Lifeguards to strike on Monday after talks fail
Up to 1,000 lifeguards at public pools and beaches will go ahead with a strike on Monday after failing to reach a settlement yesterday over a government plan to outsource management.
Hong Kong and Kowloon Life Guards' Union vice-chairman Alex Kwok Siu-kit said about 800 to 1,000 lifeguards were expected to join the one-day protest. He apologised to the public for any inconvenience.
'Most lifeguards are employed on a contract basis as non-civil servants or as part-timers. They are hoping they will become permanent staff, but outsourcing kills their hope,' he said.
'We do not trust the department as it is clear that it wants to replace us all with outsourcing. They will introduce a retirement plan for long-serving staff and hire more part-timers and gradually outsource all its facilities.
'It takes time to develop team spirit and years of experience, which are required to do our job well. Our work is about life and death. The department cannot just ask different people to work as temporary staff at different times and expect the service quality to remain the same.'
Leisure and Cultural Services director Anissa Wong Sean-yee said she was disappointed the union had not called off its action.
'I have repeatedly appealed to all lifeguards to stay on duty and abandon their proposed strike to avoid disruption of public services. To my great disappointment, the union has declined to do so.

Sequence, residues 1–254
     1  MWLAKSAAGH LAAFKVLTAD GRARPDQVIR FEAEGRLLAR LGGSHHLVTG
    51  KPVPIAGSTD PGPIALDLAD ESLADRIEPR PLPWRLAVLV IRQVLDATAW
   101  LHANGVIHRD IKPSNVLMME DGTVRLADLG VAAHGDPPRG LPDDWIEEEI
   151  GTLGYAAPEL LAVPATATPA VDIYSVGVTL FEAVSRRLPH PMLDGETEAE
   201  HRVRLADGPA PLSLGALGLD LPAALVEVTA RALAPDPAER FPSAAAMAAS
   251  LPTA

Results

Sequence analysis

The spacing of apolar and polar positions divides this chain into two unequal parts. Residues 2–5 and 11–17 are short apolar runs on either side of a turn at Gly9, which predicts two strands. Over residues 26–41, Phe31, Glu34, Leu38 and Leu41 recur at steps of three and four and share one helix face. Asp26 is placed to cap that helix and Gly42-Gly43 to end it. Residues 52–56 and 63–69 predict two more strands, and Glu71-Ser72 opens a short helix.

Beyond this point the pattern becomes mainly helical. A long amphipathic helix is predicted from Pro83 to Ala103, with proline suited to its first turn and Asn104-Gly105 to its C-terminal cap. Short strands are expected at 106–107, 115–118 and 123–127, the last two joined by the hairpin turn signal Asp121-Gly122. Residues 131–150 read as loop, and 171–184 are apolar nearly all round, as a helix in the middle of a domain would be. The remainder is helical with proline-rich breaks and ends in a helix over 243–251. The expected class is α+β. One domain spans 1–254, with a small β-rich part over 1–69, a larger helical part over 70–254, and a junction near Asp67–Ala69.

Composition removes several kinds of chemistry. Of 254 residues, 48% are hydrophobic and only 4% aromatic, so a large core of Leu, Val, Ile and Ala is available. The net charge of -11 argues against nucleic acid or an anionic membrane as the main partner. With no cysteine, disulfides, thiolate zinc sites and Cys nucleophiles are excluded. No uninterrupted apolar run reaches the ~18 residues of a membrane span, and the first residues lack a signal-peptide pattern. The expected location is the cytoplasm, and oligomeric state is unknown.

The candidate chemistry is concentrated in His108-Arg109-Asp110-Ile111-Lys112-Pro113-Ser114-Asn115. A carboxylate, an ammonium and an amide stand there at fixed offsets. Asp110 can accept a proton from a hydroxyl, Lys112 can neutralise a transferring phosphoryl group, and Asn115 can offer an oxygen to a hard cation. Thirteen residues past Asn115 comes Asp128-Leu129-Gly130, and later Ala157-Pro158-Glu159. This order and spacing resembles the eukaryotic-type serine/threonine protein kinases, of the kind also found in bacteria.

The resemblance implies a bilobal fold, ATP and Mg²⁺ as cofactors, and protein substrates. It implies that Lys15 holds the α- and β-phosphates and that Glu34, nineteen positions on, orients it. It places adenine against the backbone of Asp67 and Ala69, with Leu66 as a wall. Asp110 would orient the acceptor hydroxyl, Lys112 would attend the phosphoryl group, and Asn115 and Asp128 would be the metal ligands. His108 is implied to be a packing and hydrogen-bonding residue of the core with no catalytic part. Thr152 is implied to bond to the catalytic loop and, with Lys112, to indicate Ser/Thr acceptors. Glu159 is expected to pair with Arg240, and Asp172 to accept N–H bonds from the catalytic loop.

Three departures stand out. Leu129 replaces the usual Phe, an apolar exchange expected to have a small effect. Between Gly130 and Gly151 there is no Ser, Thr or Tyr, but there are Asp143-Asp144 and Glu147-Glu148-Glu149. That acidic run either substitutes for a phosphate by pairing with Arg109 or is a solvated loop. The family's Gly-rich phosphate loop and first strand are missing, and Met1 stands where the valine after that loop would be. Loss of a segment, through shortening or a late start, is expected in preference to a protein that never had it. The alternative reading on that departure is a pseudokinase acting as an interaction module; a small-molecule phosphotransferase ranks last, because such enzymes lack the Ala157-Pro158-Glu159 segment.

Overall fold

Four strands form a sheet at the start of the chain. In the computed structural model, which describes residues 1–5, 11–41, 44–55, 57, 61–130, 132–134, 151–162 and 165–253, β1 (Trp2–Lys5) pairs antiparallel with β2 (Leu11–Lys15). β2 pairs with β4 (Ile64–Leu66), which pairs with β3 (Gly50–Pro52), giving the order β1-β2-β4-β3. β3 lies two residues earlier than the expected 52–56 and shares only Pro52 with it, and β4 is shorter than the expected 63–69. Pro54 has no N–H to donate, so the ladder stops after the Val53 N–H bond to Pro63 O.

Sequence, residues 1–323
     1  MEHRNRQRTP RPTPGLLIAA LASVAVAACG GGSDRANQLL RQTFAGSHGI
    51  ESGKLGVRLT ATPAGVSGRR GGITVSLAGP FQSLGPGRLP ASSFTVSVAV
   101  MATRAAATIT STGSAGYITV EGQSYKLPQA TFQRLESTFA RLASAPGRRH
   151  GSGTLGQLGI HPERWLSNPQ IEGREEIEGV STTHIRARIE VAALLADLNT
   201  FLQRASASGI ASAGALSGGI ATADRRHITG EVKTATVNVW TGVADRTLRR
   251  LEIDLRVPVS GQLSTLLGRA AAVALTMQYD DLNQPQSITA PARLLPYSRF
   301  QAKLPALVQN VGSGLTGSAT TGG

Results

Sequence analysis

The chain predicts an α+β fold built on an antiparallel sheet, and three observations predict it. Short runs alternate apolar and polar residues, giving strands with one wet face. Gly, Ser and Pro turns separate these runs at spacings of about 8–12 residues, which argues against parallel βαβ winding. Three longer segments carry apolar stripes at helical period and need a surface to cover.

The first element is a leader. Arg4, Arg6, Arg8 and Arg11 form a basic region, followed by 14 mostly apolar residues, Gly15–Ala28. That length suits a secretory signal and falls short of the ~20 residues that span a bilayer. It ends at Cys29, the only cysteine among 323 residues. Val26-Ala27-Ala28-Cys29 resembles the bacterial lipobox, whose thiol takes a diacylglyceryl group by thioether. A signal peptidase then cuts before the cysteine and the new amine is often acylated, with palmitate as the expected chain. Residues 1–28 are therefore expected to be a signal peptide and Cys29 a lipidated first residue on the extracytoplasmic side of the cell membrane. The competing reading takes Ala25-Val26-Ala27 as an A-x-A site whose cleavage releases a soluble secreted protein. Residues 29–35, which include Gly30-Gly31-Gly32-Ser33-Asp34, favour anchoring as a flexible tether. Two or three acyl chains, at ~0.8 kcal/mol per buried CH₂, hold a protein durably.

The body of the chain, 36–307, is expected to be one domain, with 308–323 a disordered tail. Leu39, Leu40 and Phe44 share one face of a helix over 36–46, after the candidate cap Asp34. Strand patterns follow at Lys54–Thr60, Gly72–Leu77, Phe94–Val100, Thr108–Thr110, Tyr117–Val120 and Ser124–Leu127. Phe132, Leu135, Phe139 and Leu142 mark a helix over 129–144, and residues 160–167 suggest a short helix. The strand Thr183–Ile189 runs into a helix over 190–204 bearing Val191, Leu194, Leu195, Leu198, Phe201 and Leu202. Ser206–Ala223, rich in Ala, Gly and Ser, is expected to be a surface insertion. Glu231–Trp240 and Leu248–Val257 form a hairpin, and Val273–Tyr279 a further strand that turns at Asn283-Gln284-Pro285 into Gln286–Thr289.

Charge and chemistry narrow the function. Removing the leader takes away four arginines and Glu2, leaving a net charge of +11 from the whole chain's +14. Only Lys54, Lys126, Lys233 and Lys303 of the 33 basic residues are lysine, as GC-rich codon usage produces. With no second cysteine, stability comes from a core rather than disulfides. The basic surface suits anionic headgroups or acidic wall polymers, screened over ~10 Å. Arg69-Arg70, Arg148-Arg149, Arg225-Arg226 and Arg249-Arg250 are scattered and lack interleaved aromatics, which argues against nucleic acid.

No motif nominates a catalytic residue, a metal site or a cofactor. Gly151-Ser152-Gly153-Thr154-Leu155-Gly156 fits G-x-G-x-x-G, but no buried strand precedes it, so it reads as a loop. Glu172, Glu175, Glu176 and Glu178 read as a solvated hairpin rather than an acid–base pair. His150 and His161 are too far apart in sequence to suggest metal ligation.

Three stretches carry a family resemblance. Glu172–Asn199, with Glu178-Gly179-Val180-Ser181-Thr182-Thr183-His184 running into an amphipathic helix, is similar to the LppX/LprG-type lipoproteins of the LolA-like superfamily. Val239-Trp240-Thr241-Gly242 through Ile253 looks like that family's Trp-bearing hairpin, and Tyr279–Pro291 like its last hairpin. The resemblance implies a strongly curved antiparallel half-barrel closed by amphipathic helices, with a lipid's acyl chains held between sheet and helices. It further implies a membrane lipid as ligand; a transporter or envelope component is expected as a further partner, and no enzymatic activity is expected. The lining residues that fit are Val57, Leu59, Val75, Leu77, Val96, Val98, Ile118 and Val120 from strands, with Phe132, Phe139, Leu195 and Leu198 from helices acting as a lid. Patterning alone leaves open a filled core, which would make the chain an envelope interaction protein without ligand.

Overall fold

'They should not make moves to disrupt public services as a means of expressing their opinion, and they should demonstrate their professionalism and report for duty on August 1,' she said after meeting the union.
Ms Wong said outsourcing management and services at new swimming facilities would not affect existing staff and service quality.
'Their employment and job opportunities will not be affected. All outsourced facilities will be under close scrutiny and monitoring of the department. Contractors' service standards will be under our close supervision,' she said.
Of the 1,600 lifeguards employed by the department, about 400 are permanent staff, and 400 are on contracts. About 800 temporary lifeguards are hired on a seasonal basis, their employment periods lasting from one to four months.
The union proposed freezing the outsourcing plan and setting up a working group to discuss manpower with the department, but its request was rejected.
The department is still assessing what disruption the strike will cause at swimming pools and beaches, warning some may have to be closed.
It has asked the Auxiliary Medical Service and Life Saving Society for volunteer lifeguards.